Mining Jobmine - Fall 2010 - Part 1

JobMine is the tool we use at the University of Waterloo for our co-op. In the system, there are thousands of job postings for various positions. Having access to a big database always gets my brain churning with possible alternative uses for the data contained within.

First, I should credit Lisa Zhang with the inspiration for this idea (and the title), she did some really cool stuff with JobMine and you should check her blog out.

The first thing we (students) look at when browsing JobMine are the job titles. So naturally the titles affect which jobs we click through to read and then apply to. The job titles have a lot of weight on our application process.

I should note that I only analyzed the jobs in my field (jobs in the Computer Engineering or Software Engineering categories). I also had some additional filters on so this is not exactly a perfect sample, but I think it’s interesting nonetheless.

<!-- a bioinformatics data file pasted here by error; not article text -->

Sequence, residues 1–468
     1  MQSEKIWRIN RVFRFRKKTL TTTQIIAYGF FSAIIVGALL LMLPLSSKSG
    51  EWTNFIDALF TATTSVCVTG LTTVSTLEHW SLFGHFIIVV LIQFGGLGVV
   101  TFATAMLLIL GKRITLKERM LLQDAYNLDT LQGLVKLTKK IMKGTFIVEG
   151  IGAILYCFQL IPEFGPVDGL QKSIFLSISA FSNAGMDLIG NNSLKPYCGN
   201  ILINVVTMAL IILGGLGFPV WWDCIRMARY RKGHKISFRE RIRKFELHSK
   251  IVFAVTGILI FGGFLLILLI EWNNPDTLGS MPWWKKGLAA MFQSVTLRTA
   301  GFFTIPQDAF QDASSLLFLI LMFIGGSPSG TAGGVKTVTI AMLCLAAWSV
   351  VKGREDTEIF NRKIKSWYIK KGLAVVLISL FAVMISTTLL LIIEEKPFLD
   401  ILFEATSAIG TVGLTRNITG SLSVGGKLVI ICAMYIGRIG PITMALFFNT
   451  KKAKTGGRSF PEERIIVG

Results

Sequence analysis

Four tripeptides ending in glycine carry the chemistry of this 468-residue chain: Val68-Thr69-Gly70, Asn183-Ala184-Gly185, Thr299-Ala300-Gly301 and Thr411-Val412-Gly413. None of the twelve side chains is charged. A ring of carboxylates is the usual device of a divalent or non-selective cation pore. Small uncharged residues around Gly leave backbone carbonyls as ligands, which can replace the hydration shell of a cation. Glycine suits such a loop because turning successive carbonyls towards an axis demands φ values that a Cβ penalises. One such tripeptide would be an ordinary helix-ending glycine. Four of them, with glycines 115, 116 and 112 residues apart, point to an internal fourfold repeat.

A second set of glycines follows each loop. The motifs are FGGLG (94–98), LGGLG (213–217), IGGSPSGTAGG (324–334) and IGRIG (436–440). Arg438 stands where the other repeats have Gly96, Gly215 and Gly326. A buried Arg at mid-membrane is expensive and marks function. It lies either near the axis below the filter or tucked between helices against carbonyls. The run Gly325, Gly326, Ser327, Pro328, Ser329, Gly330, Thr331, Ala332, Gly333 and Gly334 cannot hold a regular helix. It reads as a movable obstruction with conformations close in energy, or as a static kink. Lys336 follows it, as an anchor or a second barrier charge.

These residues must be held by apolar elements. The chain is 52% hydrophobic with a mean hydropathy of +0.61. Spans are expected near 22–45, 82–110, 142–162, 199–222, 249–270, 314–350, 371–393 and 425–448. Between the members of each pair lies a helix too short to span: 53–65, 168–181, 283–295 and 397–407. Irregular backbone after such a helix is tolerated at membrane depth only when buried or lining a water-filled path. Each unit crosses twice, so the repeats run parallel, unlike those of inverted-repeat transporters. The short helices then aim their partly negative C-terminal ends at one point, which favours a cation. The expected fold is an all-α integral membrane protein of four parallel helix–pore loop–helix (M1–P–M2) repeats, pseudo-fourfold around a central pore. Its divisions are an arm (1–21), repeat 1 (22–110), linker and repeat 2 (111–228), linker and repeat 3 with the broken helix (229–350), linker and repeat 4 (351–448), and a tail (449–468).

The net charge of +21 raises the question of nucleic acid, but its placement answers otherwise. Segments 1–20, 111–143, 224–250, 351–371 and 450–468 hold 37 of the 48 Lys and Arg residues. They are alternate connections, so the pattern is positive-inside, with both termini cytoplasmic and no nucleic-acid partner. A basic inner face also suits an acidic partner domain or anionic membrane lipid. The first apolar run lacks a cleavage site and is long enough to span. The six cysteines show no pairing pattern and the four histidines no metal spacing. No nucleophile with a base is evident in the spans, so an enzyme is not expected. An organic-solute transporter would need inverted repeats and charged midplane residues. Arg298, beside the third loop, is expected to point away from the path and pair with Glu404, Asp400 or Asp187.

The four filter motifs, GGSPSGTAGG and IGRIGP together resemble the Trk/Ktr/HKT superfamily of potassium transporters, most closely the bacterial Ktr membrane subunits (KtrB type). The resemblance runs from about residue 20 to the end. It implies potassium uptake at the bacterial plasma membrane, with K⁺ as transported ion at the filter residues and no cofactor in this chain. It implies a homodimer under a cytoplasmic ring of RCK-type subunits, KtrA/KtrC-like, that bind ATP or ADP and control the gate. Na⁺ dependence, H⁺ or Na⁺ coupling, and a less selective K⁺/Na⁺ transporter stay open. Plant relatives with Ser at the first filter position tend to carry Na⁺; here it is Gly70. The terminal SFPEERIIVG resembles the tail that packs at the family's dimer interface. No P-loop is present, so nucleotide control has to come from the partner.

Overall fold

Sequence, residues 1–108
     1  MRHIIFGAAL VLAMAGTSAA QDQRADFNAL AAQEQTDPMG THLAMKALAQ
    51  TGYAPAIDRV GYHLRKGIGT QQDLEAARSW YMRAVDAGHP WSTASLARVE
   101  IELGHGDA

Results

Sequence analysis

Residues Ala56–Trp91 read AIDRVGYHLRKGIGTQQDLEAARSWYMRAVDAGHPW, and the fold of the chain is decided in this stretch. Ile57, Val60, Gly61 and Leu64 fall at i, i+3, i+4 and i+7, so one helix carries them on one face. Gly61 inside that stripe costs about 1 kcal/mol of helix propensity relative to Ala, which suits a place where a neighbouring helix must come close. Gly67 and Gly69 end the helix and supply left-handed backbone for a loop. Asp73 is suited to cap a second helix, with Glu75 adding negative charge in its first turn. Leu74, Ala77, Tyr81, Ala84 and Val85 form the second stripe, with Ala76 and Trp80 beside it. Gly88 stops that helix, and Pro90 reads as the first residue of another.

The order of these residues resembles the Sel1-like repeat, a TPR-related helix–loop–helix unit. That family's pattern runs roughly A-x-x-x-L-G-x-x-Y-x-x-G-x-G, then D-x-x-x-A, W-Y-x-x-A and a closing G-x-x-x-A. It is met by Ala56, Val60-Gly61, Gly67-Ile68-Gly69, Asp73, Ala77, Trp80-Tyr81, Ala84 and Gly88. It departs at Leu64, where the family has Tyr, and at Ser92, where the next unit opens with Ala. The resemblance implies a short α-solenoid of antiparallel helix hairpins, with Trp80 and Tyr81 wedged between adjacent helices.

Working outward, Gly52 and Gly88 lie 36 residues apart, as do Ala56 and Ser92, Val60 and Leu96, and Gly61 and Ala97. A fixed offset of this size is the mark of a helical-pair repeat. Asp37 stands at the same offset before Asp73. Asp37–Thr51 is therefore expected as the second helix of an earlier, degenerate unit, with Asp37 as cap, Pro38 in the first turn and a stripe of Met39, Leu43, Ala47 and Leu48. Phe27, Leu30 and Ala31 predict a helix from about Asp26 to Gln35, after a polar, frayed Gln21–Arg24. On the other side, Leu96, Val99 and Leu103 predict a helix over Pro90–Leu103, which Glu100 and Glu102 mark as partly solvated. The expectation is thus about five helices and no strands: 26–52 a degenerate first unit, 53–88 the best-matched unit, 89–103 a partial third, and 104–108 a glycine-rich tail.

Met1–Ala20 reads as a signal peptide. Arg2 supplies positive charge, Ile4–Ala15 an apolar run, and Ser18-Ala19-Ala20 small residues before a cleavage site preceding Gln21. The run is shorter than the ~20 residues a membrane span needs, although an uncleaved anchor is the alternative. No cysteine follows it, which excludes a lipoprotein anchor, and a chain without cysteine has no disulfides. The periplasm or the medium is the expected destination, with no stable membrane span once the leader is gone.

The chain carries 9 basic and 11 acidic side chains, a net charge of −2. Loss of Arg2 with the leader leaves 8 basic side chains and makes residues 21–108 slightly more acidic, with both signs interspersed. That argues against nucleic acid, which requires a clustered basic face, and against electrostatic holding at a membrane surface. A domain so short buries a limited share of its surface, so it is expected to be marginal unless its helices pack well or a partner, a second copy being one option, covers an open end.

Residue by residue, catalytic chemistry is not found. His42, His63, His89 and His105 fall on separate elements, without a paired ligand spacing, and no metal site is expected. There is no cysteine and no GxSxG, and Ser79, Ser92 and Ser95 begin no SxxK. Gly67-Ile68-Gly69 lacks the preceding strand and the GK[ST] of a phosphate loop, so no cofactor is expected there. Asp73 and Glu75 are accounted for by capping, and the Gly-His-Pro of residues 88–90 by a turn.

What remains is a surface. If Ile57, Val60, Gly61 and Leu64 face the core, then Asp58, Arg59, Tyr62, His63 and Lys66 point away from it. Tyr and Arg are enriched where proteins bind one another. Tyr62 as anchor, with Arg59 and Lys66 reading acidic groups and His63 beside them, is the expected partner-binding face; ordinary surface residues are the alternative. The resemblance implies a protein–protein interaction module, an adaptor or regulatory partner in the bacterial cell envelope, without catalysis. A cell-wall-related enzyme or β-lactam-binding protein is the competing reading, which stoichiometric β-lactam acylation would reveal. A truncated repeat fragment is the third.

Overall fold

So I went through the jobs, grabbed the title and ran a custom tokenizer to extract the grams. Here is a chart of the most popular words in job titles.

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1-gram Frequency in Titles (Top 25)

And here are the top 100:

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1-gram Frequency in Titles (Top 100)


So this interesting but not terribly surprising. It’s logical that the top word is “software” and the next “developer”. Something I found interesting was the choice of “engineer” versus “engineering”. Engineering occurs more frequent than engineer by a factor of almost 20 times. Technically in Ontario, having a job title of something engineer is against PEO and you could be prosecuted for it (according to my Engineering Ethics and Law class). Perhaps this is the reason for the difference. On a side note, “Software Engineering” has always looked awkward on a resume to me.

I was surprised by the low number of QA jobs, but then again, I think I had the filter to remove junior jobs and they tend to be more QA oriented.

There are definitely some interesting things that can be taken from this analysis but there is still much more to look at. My next article continues the analysis of titles with different n-gram sizes.